Review of Key Macros & Market Outlook: October ‘18
The central bank is widely expected to take a pause for the next couple of policy meets, before deciding upon further cuts
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The critical CPI number slowed down for the second consecutive month, hitting a 10-month low of 3.7% year-on-year in Aug'18 from 4.2% in the previous month. It’s worth noting that retail inflation had peaked at 4.9% in Jun ‘18. The headline inflation has fallen below RBI's mid-term target of 4% for the first time this year, despite burgeoning crude prices. Food inflation fell to a low of 0.3% YoY in Aug'18, the lowest it has been for over a year. Further, all the other groups recorded moderation in inflation. Clothing, housing and miscellaneous groups moderated as well. Core inflation, although having moderated, still remains elevated – which is a definite concern for the central bank.
Having been at the receiving end from the opposition in lieu of rising oil prices, the broad slowdown in inflation comes at an opportune time for the current government. The RBI still faces a challenge though – with core inflation remaining high at 6%, despite it already having effected two rate hikes in quick succession this year. The central bank is widely expected to take a pause for the next couple of policy meets, before deciding upon further cuts.
The central government's gross fiscal deficit rose to Rs. 5.9 lakh crores or 94.7% of the budget estimate (3.2% of GDP). This is close to the government's 3.3% of GDP target for the fiscal, and only slightly lower than Rs.5.2 lakh crore or 96.2% of the budget estimate during the same period last year.
Total expenditure reached Rs 10.7 Lakh crore during the April – August period (43% of the budget expenditure) which is in line with the previous year. The government continued step up capital expenditure with an overall spend of 44% of the budgeted amount – broadly in sync with the budget commitment that was made towards infrastructure. Cumulative revenue receipts reached Rs.4.6 lakh crores – more or less exactly the same as last year’s figure of 27% of budget expenditure at this stage.
Non-tax revenue receipts have continued to show healthy growth, but tax revenue receipts slowed down - reaching 24.7% of budgeted expenditure, which is low compared to last year. Additionally, GST revenue collections declined in Aug'18 (Rs. 0.93 lakh score), the lowest number this year so far. These do not bode well for the fiscal deficit number.
Non-food bank credit is on a definitive uptick - It grew at 12.4% year-on-year (YoY) in Aug'18, more than double the 5.5% YoY growth in Aug'17 and the highest in as many as four years. The main drivers have been the credit to services (26.7% YoY growth) as well as personal credit growth. Additionally, credit to industries hit an 8-month high in August, which augurs well for corporate growth.
The housing recovery theme appears to be playing out nicely, with a lot of developers reporting growth in pre-sales numbers. Overall, housing loans grew by 17% YoY, while vehicle loans grew by 11.1%. Loans for consumer durables fell massively, though.
The domestic deficit narrowed down to USD 17.4 billion in Aug’18, owing to a rise in exports, which grew by 20.1% YoY in Aug’18 to USD 27.8 billion, compared to USD 23.6 billion in Aug’17. This rise can likely be attributed to the drastic fall in the rupee to below 72 levels.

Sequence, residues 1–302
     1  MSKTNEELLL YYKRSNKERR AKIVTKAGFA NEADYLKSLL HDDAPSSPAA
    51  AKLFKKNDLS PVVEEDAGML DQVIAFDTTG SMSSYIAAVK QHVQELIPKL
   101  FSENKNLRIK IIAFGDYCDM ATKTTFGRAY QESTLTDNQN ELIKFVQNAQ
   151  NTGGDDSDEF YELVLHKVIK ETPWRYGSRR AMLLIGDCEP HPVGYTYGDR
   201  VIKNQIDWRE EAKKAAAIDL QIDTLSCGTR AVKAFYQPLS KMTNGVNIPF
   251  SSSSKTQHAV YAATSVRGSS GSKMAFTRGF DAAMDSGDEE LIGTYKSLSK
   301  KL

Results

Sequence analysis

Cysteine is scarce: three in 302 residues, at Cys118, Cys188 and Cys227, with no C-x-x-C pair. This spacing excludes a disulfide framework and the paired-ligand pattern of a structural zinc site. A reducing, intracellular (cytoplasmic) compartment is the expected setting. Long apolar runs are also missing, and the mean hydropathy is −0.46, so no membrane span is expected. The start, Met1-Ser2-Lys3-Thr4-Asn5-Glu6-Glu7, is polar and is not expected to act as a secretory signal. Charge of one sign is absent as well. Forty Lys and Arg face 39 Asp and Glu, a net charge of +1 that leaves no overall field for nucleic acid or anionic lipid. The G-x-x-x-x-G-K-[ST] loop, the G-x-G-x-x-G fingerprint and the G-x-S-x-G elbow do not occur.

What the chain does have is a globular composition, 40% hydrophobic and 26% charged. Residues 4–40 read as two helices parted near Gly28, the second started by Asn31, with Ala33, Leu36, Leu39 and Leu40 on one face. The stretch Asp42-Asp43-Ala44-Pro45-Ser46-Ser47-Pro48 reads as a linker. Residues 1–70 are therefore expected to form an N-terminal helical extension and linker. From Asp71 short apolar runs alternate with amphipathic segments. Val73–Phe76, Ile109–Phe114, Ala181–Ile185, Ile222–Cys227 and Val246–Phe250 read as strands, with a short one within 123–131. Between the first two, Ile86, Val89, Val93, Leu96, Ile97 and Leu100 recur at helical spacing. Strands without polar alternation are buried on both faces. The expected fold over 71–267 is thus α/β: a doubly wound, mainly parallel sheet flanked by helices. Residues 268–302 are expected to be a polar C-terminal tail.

India’s import bill continued to stay elevated, increasing 25.5 % YoY in Aug’18. In fact, non-oil imports grew from 31.3 Bn USD to 33.4 Bn USD on a month on month basis. Oil imports, on the other hand, fell by USD 0.6 Billion in August, to 11.8 Billion.
Equity & Debt Market Outlook: October ‘18
NSE MIDCAP 50
10 YEAR YIELD
September was a harrowing month for investors across asset classes. The bellwether NIFTY index fell by a steep 6.4%, dropping below the pivotal 11,000 mark. The Bank NIFTY witnessed a double-digit percentage correction and the NIFTY Midcap index fell by as much as 13.3%. Small caps fared even worse – the NIFTY small cap index broke decisively below its lower Bollinger Band on Friday, crashing over 5% in the month’s last session alone. To top it off, bond yields continued to rise despite having already risen over 3% in August. Credit markets were spooked by the IL&FS default, and liquidity went for a toss – resulting in negative returns from short term debt funds too. The NIFTY fell below its 20-week moving average mark, signalling continued bearishness. The pace of the fall has been quite disconcerting for investors – particularly unadvised ones who entered into direct plans of mutual funds without properly understanding the nature of the equity markets.
Things are looking far worse for mid caps than for large caps at the moment. The Midcap 50 index slipped all the way down to 4622, an outcome we had predicted in our report last month. It has consistently been making lower highs and lower lows since it peaked out in January around the 5,700 mark (a 1,000+ point drop has ensued since that time).
End Note: Unfortunately, the woes are far from behind us at the moment for the equity markets. If anything, this appears to be the start of a deeper than expected cut for mid-caps and small caps, which may undergo a technical bounce of 6% to 8% (not to be misconstrued as the resumption of a bullish trend!) in October before resuming their fall. The NIFTY correcting below its 20-week moving average this month, indicates that it’ll probably fall further before taking some kind of support around the 10,500 mark. Bond yields are unlikely to harden too much this month, as a lot of poor outcomes are already priced into current yields. Broadly speaking, we may witness a choppy month of consolidation for the equity markets (with a technical bounce likely), and a flattish month for bond yields.
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